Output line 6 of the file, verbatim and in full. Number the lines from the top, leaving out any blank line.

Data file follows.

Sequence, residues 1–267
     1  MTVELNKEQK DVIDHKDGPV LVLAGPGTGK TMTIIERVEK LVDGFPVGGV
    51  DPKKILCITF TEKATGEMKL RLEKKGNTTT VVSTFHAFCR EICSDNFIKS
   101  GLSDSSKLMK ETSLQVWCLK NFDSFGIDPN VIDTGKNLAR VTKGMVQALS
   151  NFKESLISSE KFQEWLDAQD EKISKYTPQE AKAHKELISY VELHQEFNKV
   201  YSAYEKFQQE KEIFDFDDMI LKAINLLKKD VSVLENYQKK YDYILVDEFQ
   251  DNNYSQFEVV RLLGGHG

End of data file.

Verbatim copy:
   201  YSAYEKFQQE KEIFDFDDMI LKAINLLKKD VSVLENYQKK YDYILVDEFQ